You can sort of feel naked: “I don’t know how to deal with this,” you know. So that’s what the song is about, that’s my take on that. As I say I played it myself, and sang it myself in the studio.” – Paul

-Odd, but interesting second part, not bad on it’s own, but loses some of the energy of “Hunt You Down.” Rating -7

And then that links on to another thing we called C-Link in the end, which it just me totally indulging myself in wanting to play guitar.

And the original take on it is about 11 minutes, I think. But it’s just me really enjoying playing electric guitar. ‘Cause I always say to people, people often say, ‘Why do you still do it?’ I say: “‘Cause I love it. I love this thing.”

And I’m still thrilled with having the privilege of being able to go up to an amp, turn it on, get my guitar, plug it in and play it very loud. It’s a thrill, and that’s never stopped being a thrill.

And then there were certain little phrases that were kind of more melodic than others. A lot of it’s just bluesy phrases, there were one or two in there that suggested something else.

So we orchestrated a few of the phrases, and made it a little more of a composition.

It was an idea that I fancied doing. I fancied doing it for a long time, of just getting someone – it turned out to be me – I was just going to get someone to play blues guitar against an orchestra holding a chord. In this case it was C, and then C minor, just the orchestra hold this chord forever and ever and ever, and then this guitar playing over the top of it. And actually I was always gonna ask Eric Clapton to do the blues guitar – so Eric, if you’re listening… But this time it turned out to be me – you know, D.I.N. – I’d better go round to it. And so, I did. And that finishes the album.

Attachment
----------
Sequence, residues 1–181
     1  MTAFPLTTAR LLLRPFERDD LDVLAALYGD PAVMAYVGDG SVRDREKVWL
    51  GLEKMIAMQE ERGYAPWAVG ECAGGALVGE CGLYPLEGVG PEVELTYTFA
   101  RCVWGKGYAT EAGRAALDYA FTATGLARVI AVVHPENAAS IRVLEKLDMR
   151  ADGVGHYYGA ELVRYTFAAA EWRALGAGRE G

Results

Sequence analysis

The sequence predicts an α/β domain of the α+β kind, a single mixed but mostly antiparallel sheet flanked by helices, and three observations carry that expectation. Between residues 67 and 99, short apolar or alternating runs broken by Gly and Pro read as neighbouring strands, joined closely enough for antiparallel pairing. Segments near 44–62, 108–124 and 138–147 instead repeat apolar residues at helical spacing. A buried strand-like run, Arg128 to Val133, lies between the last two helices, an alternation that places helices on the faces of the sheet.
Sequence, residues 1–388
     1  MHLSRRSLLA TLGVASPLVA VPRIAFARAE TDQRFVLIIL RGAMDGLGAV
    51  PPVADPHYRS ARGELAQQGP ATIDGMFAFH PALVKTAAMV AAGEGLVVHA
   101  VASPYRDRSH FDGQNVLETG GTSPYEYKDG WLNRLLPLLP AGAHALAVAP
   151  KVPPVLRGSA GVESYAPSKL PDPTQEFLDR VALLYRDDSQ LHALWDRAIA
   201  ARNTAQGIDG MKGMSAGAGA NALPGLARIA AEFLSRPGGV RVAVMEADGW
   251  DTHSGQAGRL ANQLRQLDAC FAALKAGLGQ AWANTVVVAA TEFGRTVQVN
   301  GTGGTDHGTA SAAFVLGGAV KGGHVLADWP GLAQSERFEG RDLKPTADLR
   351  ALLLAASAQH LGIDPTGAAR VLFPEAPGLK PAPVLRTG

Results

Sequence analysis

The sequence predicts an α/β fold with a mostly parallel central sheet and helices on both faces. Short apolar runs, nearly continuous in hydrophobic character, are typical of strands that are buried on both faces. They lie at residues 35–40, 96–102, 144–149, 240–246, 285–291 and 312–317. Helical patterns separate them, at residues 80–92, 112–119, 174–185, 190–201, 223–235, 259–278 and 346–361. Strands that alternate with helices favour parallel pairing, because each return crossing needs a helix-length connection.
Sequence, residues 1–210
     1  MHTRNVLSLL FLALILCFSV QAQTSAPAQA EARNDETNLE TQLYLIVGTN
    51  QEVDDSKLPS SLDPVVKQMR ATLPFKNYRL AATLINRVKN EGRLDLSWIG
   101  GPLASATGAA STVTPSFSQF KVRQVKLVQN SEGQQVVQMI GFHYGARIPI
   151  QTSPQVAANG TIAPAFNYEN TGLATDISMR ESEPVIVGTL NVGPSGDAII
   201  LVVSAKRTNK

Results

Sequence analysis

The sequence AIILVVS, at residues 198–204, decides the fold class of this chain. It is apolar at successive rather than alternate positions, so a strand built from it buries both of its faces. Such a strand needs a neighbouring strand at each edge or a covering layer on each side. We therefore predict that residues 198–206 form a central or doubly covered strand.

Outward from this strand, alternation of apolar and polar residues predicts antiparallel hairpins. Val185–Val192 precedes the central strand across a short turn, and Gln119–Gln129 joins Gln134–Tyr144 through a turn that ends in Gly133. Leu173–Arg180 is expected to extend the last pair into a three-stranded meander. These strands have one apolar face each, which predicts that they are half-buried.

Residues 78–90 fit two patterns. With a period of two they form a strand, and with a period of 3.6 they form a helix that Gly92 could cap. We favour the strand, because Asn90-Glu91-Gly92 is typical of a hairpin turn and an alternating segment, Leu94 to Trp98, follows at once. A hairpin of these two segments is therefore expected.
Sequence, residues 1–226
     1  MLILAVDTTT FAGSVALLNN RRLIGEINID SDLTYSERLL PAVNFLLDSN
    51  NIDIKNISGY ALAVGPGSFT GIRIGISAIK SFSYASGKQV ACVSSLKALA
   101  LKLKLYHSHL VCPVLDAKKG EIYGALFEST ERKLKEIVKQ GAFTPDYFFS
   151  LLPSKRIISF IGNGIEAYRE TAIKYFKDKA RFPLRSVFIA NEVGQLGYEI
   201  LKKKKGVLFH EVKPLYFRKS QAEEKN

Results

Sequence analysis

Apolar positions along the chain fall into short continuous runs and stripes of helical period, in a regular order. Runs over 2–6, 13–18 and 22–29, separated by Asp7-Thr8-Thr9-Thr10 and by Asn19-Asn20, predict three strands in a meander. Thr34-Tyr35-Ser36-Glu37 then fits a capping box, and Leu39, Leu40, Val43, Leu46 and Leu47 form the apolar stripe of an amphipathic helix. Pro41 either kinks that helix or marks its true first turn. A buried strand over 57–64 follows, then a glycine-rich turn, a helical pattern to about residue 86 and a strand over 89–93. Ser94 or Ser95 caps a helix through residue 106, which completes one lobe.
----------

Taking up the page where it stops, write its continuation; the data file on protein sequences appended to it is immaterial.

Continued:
Right at the end of that session… you just hear a little ‘Whoo!’ and that’s it. Egypt Station.

-All I can say is I want to hear the 11 minute version. Paul lets his hair down and gives us some sweet blues licks. Nice…. the train slows at pulls back into Egypt Station, our journey now ending. A very enjoyable ride, indeed…. Rating – 8.5

Overall I have not included either of the “Station” songs into the final rating, and I have split the final medley into three parts, with the rating for each. So for the 16 rated tracks I have a final album score of 8.16/10.

Not bad at all for a 76 year old man, in a young persons game.

Next: The rest of 2018, the rollout of EGYPT STATION and additional music recorded at the time.

By tvnpsl

Woke up by my folks on February 7th, 1964 and sat in front of the TV and told "this would be important."
Like many, my life was never the same same after the first strains of "All My Loving." Love all things Beatles, but have always been drawn to the ethic and output of Paul.